Is there a relationship between PPARD T294C/PPARGC1A Gly482Ser variations and physical endurance performance in the Korean population?
The peroxisome proliferator-activated receptor δ (PPARD) and peroxisome proliferator-activated receptor γ coactivator 1α (PPARGC1A) genes recently have been suggested to have an association with athletic performance and physical endurance. These gene products are reported to be crucial components in training-induced muscle adaptation, since they are related with mRNA and/or protein activity in coordinated response to exercise. To assess the possible contribution of the PPARD T294C/PPARGC1A Gly482Ser polymorphism to differences in physical endurance, we performed a population-based study of 111 Korean athletes and 145 healthy controls based on their genotype distribution of the genes. The two loci were found to be not deviated from Hardy–Weinberg equilibrium. There were no differences in genotype distribution of PPARD T294C and PPARGC1A Gly482Ser between the athletic group and controls (p > 0.05). In contrast, we found a significant association between the PPARGC1A Gly482Ser polymorphism and the 20 m shuttle run activity (a measure of endurance performance) in the athletic group (p = 0.003). The result showed a remarkable increase in the numbers of shuttle run ratio from subjects with the PPARGC1A Gly/Gly genotype (85.29 ± 28.80) than those with the Gly/Ser (58.05 ± 32.76) and Ser/Ser (68.38 ± 30.47) genotypes. Thus, our data imply that the PPARGC1A Gly/Gly genotype may provide a beneficial effect on elite-level endurance status, although functional studies with larger sample sizes are necessary to elucidate these findings.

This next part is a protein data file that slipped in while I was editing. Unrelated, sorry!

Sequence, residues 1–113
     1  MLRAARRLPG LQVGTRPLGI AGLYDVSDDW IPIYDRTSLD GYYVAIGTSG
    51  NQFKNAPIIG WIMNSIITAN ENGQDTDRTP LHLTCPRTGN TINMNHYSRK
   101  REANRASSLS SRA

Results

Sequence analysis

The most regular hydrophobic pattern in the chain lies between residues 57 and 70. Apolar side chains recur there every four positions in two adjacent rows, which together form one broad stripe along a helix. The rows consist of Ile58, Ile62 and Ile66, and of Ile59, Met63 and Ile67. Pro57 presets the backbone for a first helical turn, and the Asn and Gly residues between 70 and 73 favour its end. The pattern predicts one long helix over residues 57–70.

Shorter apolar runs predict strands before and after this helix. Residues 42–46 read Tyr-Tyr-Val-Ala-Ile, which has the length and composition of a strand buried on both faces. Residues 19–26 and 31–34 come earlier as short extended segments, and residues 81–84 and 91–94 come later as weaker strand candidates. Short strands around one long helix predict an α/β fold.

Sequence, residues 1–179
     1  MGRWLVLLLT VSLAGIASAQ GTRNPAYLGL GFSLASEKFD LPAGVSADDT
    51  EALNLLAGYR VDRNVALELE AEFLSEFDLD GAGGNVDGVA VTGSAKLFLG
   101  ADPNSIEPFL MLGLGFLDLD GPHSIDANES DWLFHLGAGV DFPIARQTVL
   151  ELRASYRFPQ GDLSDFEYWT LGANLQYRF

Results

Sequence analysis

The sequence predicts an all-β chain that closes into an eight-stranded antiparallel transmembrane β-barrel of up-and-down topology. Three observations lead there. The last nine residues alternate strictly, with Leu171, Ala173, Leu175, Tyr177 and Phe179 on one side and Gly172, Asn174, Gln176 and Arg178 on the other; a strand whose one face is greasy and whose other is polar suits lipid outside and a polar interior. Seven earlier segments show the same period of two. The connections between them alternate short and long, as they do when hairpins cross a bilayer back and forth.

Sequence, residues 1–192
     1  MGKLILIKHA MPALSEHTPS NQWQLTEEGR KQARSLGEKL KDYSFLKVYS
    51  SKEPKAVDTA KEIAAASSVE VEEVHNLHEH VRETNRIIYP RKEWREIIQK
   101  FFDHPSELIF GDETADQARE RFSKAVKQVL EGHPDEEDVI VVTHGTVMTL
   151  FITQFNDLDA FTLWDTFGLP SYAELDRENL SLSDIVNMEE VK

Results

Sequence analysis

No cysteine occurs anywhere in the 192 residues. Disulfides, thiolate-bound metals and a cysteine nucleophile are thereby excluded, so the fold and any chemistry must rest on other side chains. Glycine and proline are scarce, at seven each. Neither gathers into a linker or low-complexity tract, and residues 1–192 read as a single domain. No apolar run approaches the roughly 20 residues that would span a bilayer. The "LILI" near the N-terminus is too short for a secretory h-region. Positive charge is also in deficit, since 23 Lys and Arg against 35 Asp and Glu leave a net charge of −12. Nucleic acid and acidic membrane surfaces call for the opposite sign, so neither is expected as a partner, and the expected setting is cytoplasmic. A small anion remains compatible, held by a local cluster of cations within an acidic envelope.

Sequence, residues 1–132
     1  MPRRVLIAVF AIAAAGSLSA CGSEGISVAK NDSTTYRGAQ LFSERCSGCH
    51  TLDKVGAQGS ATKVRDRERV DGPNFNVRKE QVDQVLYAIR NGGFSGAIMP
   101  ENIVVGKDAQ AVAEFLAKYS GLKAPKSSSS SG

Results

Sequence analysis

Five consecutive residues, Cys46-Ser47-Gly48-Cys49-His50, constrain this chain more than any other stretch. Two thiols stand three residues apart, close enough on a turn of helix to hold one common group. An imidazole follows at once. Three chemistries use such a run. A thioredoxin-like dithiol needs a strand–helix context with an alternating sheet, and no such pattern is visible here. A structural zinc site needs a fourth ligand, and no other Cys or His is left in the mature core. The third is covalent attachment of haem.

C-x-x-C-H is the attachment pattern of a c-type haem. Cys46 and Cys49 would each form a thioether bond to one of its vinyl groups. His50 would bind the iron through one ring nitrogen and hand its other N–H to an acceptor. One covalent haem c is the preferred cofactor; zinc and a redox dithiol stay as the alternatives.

KeywordsPhysical performance Association study PPARGC1A PPARD Endurance athlete status
We are grateful to all volunteers for providing DNA samples. This work was supported by the National Research Foundation of Korea Grant funded by the Korean Government (NRF-2014S1A5B6037521). This work was also supported in part by DANKOOK ChemBio Specialization for Creative Korea-II (2015).
Compliance with ethical standards
The study was approved by the Ethics Committee and Institutional Review Board of Dankook University, Korea.
Conflict of interest
The authors declare no conflict of interest.
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